With the advertising market expected to be flat at best for the next several months, two smaller programmers are beginning to see growth opportunities overseas.
Last week at the J.P. Morgan Global Technology, Media and Telecom Conference in Boston, two such programmers — Discovery Communications and Liberty Media — said that despite weakness in the domestic ad market, international revenue could see a boost.
Discovery Communications chief financial officer Brad Singer repeated the cautious stance he took on the programmer's first-quarter conference call last month, telling the J.P. Morgan conference audience that second-quarter advertising growth should be flat.
But Singer also saw some daylight on the international side.
International accounted for about $1.2 billion in revenue in 2008, compared to $2.1 billion in domestic revenue. And though the biggest component of international revenue — the United Kingdom, representing more than 50% — has been equally hammered by the global recession, there is a lot of runway left in other countries that do not rely as heavily on advertising. Singer estimated that outside of the U.S. and United Kingdom, 70% of revenue is generated through affiliate fees and 30% through advertising.
“As you keep getting more subscribers, you have more of a critical mass and you can sell [advertising] to it. That's why you see in certain markets, Latin America especially, our advertising grows in excess of our subscriber growth because it is becoming a larger piece of our revenue stream,” Singer said.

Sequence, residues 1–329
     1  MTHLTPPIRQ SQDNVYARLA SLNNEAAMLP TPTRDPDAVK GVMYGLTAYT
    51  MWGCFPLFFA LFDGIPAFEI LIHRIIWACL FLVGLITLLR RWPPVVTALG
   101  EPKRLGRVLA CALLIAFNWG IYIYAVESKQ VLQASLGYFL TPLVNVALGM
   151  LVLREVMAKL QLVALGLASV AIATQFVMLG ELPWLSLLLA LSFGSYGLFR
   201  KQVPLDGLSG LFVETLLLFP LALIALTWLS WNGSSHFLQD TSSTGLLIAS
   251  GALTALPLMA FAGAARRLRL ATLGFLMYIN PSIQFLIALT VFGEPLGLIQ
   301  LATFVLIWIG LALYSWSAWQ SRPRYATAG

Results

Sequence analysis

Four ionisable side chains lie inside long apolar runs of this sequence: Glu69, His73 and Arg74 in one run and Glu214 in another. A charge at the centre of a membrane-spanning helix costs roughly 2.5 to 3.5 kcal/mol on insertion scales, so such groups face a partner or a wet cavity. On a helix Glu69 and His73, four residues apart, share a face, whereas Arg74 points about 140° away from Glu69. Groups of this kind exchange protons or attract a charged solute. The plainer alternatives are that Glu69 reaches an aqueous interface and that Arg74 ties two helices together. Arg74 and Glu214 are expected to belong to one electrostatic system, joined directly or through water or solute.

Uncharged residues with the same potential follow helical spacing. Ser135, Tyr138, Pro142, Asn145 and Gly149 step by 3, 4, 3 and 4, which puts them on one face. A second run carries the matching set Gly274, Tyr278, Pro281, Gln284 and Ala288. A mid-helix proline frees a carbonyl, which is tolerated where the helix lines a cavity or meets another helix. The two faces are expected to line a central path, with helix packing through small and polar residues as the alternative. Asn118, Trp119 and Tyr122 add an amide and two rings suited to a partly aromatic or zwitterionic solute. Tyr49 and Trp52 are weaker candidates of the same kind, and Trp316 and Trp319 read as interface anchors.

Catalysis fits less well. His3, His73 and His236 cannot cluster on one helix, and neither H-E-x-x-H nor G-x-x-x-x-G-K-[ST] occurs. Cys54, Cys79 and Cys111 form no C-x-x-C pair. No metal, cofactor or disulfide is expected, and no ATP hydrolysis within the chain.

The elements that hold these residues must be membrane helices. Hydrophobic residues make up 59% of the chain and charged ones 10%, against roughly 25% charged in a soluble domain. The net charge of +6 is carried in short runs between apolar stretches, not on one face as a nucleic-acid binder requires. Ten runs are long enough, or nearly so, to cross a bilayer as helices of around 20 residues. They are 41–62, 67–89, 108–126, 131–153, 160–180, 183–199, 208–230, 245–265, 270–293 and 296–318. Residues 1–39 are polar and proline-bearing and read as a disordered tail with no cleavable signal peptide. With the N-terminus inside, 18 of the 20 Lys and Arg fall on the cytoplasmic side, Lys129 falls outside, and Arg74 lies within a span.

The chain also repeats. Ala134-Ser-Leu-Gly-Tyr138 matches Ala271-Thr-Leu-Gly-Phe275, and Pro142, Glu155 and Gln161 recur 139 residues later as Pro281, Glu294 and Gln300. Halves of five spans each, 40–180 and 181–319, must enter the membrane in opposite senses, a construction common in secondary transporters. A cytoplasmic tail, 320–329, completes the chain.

Later in the conference, Liberty Media CEO Greg Maffei said that the international market is beginning to show greater promise because of the digital terrestrial television initiative, which brings more channels via free over-the-air digital TV to consumers. Called the DTT initiative, it has already been launched in the United Kingdom, Ireland, and other European countries. In 2005, the European Union recommended that all of its member countries convert to DTT by 2012.
Maffei said that the DTT initiative in Italy alone could increase the number of TV households to about 20 million, in addition to the satellite-TV homes there, which would make launching new networks more economically viable.
“That creates an opportunity,” Maffei said. “The scale we need [is] 10 [million], 15 [million], 20 million homes to make a useful go at it, where we have the ability to have a relatively modest number of channels but a high amount of distribution. That happens with DTT.”
But Maffei said Liberty would take a “judicious” approach overseas.
While Discovery outperformed its other programming brethren in the first quarter — it reported 2% domestic ad-sales growth, while others reported declines — Singer's prediction of flat second-quarter domestic ad growth appeared to contradict other top media executives who have said previously that the worst appears to be over.
“The worst is over, it's kind of hard for anyone to make that statement on a completely data-driven basis,” Singer said. “What we think is that things are about the same. We felt that 2% revenue growth was a very good number to deliver in the first quarter. The second quarter, when we say flat, that is about where the market is. When you look into the third quarter, we don't have the book firmed up yet.”
Singer said that while it is still early in the upfront process, so far it is consistent with the first quarter.
“It is a much slower to come together advertising environment,” Singer said. “We're still selling the second quarter and this is mid-May.”
But Singer was optimistic that the ad market will work itself out over time and networks that continue to air compelling programming, maintain their ratings momentum and manage their costs smartly, will ride out the storm.
“This is not right now what we would call by any stretch of the imagination a robust environment,” Singer said. “But we are managing it fairly well.”